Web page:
Leukemia is a disease that affects blood forming tissues, mainly bone marrow. Leukemia also affects the lymph glands and spleen. Leukemia causes the body to produce an extreme amount of abnormal white blood cells. This causes infections because the abnormal cells cannot stop infections like the normal cells do. Leukemia also causes anemia. Anemia is a disease in which the body makes less blood cells. This happens because the leukemic cells crowd the system. Leukemia also causes excessive bleeding. This happens because the amount of platelets will decrease and clotting will not occur. Researchers think a change in genetic structure causes leukemia. Changes in gene structure could be caused by environmental problems. Some of these problems could be: birth defects, radiation, viruses, and chemicals.
Leukemia is not inherited and is not contagious. There are two major types of Leukemia, Lymphocytic and Granulocytic. In Lymphocytic Leukemia white blood cells known as Lymphocytes, that are made in the Lymph glands and bone marrow are abnormal or immature. In Granulocytic Leukemia this causes an increase in white blood cells known as granulocytes. Granulocytes are made in the bone marrow, and other tissue. Granulocytes that are affected by leukemia cannot fight of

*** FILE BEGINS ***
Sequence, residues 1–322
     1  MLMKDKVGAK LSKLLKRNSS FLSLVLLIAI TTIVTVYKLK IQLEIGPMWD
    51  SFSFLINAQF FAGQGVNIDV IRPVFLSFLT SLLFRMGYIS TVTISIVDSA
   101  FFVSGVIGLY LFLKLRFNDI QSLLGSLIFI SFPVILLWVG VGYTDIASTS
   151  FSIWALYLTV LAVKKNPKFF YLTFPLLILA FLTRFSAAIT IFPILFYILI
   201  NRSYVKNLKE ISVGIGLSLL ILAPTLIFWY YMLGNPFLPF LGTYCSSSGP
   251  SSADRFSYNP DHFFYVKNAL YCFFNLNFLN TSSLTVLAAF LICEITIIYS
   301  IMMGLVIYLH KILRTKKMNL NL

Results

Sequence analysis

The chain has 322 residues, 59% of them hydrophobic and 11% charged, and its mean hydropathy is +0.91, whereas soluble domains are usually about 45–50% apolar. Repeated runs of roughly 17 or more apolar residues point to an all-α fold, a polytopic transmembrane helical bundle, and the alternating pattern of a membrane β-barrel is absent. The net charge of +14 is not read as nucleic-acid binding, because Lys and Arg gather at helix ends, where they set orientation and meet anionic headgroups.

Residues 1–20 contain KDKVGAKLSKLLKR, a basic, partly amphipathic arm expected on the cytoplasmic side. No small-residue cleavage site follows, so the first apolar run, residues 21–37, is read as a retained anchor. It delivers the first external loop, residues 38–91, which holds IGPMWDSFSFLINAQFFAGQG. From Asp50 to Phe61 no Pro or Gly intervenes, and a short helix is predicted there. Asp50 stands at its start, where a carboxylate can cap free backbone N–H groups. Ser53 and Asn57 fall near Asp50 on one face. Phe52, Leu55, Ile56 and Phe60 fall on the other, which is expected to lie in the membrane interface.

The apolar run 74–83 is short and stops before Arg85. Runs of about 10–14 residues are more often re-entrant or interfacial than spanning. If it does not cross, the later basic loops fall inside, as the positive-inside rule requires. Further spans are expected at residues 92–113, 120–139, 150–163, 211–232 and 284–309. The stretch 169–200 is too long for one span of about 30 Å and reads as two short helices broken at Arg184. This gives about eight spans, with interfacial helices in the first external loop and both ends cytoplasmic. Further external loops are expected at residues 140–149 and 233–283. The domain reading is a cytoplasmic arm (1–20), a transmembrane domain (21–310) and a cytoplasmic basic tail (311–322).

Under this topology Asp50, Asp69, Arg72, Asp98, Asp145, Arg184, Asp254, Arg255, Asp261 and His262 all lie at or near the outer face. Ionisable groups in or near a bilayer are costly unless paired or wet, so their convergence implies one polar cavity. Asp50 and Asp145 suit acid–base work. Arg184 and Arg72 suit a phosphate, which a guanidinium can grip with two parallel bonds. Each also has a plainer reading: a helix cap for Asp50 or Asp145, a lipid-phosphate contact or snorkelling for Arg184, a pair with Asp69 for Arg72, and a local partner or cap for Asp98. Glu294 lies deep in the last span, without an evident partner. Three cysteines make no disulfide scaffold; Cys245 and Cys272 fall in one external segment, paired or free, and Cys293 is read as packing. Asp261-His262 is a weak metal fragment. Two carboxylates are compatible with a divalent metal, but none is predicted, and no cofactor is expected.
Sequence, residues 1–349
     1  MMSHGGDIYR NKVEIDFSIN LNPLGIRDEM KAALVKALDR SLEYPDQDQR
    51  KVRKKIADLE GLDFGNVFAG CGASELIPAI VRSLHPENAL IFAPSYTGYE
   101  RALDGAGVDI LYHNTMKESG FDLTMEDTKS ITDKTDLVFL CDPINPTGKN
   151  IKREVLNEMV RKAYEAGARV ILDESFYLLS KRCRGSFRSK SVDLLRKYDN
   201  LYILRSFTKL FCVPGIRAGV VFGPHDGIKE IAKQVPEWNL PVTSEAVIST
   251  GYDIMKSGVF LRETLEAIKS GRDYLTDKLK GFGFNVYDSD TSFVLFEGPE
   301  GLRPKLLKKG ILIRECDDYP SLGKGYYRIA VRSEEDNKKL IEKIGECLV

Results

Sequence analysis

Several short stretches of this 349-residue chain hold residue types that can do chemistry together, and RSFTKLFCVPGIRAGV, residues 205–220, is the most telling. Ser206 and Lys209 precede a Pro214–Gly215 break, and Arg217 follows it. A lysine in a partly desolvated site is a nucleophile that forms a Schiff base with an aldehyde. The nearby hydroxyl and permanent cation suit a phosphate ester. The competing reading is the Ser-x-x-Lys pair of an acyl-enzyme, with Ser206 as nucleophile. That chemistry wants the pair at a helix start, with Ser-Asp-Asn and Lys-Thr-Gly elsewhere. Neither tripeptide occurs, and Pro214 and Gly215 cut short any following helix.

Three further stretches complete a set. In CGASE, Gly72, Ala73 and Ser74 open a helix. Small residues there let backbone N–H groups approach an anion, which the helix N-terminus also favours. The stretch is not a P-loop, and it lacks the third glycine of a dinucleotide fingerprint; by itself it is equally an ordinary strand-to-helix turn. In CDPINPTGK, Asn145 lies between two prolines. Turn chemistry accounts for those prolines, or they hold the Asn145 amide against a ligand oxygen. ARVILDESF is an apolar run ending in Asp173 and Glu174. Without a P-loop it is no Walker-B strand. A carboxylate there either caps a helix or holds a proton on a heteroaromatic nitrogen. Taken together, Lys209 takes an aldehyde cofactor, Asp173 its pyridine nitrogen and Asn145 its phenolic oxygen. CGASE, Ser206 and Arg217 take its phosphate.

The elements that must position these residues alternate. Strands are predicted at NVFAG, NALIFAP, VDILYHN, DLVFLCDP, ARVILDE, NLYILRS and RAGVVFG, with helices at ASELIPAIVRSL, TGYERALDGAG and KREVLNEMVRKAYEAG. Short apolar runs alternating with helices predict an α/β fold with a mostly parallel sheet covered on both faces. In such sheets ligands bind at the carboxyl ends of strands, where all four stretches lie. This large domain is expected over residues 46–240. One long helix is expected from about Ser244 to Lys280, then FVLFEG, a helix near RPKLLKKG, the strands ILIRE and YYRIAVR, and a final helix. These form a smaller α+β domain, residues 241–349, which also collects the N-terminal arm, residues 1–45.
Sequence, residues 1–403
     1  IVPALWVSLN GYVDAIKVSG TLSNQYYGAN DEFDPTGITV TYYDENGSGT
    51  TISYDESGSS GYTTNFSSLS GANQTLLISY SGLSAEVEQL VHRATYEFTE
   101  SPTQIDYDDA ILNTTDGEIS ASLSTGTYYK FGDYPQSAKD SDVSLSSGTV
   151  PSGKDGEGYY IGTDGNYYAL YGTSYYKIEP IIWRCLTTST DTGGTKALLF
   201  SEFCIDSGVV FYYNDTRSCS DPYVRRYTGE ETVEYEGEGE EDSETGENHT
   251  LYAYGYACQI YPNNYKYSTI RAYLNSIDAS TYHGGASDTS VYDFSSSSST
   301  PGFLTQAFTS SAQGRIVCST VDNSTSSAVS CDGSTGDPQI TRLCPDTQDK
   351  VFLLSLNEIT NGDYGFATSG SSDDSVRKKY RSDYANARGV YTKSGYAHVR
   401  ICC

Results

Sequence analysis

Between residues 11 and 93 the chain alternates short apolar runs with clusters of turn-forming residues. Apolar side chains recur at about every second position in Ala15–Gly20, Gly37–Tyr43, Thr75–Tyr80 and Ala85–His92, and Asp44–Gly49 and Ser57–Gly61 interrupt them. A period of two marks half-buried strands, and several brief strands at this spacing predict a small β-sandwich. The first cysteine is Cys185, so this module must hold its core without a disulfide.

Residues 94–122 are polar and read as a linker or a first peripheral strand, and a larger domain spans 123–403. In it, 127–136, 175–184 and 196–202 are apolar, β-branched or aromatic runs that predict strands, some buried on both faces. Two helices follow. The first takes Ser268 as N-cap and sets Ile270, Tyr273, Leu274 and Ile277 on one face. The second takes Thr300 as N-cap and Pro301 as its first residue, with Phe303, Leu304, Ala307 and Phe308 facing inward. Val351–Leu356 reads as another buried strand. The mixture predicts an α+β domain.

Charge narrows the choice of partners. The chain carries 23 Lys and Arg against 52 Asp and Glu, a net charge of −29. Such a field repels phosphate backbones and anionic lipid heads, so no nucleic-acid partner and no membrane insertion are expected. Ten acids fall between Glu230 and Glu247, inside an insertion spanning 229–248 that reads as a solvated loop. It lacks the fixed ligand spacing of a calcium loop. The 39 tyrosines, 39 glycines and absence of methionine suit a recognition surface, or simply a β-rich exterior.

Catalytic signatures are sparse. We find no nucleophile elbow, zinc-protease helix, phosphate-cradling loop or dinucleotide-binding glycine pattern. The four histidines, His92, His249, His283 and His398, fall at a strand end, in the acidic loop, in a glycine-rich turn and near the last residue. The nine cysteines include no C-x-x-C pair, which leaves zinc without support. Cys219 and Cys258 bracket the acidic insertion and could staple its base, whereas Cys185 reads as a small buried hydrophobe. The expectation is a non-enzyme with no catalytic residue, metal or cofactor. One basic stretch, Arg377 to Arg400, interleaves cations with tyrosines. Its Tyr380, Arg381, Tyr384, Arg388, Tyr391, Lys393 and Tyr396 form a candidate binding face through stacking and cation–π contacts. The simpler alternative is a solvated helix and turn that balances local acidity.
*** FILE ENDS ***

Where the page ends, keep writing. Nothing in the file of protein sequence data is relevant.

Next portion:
Chronic leukemia is most common in adults. It progresses slowly. Chronic leukemia is less severe than acute. Leukemia has many symptoms. These symptoms include: bruising easily, constant fever, swollen lymph glands, enlarged abdomen(from enlarged liver or spleen), no appetite, weight loss, body pain, excessive bleeding, and infections. The cure rate of leukemia is up to 70%. This is due to years of study, and treatment. The first leukemia treatment was introduced in the 1940s. Chemotherapy is one of the main treatments used today to fight leukemia. Chemotherapy is given in one of four ways: intravenously, intramuscularly, orally, or a spinal tap. Chemotherapy uses a combination of about thirty drugs.
These drugs kill abnormal cells, or make them so they cant reproduce. Bone marrow transplants are another form of treatment. The bone marrow is taken from a healthy person, and then it is injected into the patients bloodstream. If no donors are available the patient can use his own bone marrow after the leukemic cells are removed. Antibiotics are given to get rid of the symptoms of the disease. By the year 2000 it is expected that 1 in 1000 adults will be a survivor of childhood leukemia.